Brown admitted students from 80 different countries, with China edging out Canada as the largest source.
In Iraq, Tehran was our silent partner, working to break an ISIS siege and edging out Maliki.
“Destination living” communities—complete with swimming pools, shops, and cafés on site—are edging out stodgy starter homes.
Later that fall, Michel landed the top job at the Daily News, edging out Louise Story, now a reporter with The New York Times.
It looked as if he were edging out from under—or maybe he really believed that.
Boone, after his marriage, and after his edging out westward toward the head of the Yadkin, lived much as he had done before.
Steve, profiting by Miller's advice, kept his gaze fixed on the face of the opposing end who was edging out into the field.
But little Mr. Justice Sawrey, edging out of the group officiously, set spurs to his own horse and trotted after him.
Meanwhile Mac had fastened the handkerchief of his mistress on the end of a switch he had picked up and was edging out of range.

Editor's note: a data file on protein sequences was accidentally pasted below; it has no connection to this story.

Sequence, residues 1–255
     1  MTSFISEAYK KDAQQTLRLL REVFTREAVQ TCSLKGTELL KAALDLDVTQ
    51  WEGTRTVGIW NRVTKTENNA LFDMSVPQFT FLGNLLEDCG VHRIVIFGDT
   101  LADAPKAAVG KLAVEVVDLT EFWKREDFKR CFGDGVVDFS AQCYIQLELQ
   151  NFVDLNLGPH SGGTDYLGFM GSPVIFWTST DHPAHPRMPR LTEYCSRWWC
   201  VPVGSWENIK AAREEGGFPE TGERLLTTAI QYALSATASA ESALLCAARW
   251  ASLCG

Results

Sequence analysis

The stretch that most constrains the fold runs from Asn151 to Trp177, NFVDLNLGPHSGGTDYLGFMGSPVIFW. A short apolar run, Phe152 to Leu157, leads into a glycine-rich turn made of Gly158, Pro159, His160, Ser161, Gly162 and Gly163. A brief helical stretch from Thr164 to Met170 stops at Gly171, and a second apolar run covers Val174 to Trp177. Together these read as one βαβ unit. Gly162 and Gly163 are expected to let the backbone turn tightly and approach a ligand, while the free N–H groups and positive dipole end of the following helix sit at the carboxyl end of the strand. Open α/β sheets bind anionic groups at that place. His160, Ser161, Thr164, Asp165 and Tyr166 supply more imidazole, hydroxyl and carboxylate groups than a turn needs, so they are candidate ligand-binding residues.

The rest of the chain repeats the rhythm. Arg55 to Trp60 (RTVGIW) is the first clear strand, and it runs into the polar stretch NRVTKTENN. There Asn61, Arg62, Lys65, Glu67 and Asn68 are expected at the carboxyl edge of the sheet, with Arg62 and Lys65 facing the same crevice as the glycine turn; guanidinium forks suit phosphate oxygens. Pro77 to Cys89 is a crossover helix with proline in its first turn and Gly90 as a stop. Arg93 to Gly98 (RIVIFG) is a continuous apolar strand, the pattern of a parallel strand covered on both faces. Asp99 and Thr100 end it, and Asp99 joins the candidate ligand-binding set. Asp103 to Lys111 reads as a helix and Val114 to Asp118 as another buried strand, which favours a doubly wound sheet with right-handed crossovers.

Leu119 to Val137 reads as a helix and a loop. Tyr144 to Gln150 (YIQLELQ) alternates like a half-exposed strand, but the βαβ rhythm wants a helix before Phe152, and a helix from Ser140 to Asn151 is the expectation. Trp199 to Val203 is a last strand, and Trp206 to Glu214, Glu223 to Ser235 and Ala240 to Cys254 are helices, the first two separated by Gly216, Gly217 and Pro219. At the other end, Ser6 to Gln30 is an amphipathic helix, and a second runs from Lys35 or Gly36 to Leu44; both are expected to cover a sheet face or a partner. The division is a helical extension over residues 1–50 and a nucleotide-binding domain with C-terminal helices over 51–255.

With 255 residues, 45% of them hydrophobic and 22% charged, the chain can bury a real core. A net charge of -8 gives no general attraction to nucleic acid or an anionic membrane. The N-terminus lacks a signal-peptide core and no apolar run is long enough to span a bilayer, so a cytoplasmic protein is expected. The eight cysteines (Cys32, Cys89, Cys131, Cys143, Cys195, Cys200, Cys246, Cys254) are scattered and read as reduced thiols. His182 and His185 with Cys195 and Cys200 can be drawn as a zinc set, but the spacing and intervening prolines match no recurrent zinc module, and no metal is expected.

edging out of the door, Penny pretended not to hear the latter remark.
Old English ecg "corner, edge, point," also "sword" (cf. ecgplega, literally "edge play," ecghete, literally "edge hate," both used poetically for "battle"), from Proto-Germanic *agjo (cf. Old Frisian egg "edge;" Old Saxon eggia "point, edge;" Middle Dutch egghe, Dutch eg; Old Norse egg, see egg (v.); Old High German ecka, German Eck "corner"), from PIE root *ak- "sharp, pointed" (cf. Sanskrit asrih "edge," Latin acies, Greek akis "point;" see acrid).
Spelling development of Old English -cg to Middle English -gg to Modern English -dge represents a widespread shift in pronunciation. To get the edge on (someone) is U.S. colloquial, first recorded 1911. Edge city is from Joel Garreau's 1992 book of that name. Razor's edge as a perilous narrow path translates Greek epi xyrou akmes. To have (one's) teeth on edge is from late 14c., though "It is not quite clear what is the precise notion originally expressed in this phrase" [OED].
late 13c., "to give an edge to" (implied in past participle egged), from edge (n.). Meaning "to move edgeways (with the edge toward the spectator), advance slowly" is from 1620s, originally nautical. Meaning "to defeat by a narrow margin" is from 1953. The meaning "urge on, incite" (16c.) often must be a mistake for egg (v.). Related: Edged; edging.
have an edge on, have an edge on someone